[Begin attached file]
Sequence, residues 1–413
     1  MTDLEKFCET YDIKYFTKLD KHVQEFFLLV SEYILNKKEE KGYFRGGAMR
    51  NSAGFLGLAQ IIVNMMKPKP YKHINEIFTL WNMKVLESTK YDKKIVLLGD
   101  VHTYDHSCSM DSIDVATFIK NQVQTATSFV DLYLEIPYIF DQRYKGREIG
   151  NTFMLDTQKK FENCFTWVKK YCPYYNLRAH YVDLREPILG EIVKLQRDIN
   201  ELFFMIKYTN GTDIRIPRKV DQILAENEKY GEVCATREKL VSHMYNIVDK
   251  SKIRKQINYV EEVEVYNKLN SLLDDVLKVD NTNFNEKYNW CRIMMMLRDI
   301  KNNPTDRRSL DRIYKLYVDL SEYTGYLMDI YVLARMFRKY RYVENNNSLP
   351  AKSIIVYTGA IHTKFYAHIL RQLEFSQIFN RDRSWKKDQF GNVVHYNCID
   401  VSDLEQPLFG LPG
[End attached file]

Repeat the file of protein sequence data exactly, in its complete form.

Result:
Sequence, residues 1–413
     1  MTDLEKFCET YDIKYFTKLD KHVQEFFLLV SEYILNKKEE KGYFRGGAMR
    51  NSAGFLGLAQ IIVNMMKPKP YKHINEIFTL WNMKVLESTK YDKKIVLLGD
   101  VHTYDHSCSM DSIDVATFIK NQVQTATSFV DLYLEIPYIF DQRYKGREIG
   151  NTFMLDTQKK FENCFTWVKK YCPYYNLRAH YVDLREPILG EIVKLQRDIN
   201  ELFFMIKYTN GTDIRIPRKV DQILAENEKY GEVCATREKL VSHMYNIVDK
   251  SKIRKQINYV EEVEVYNKLN SLLDDVLKVD NTNFNEKYNW CRIMMMLRDI
   301  KNNPTDRRSL DRIYKLYVDL SEYTGYLMDI YVLARMFRKY RYVENNNSLP
   351  AKSIIVYTGA IHTKFYAHIL RQLEFSQIFN RDRSWKKDQF GNVVHYNCID
   401  VSDLEQPLFG LPG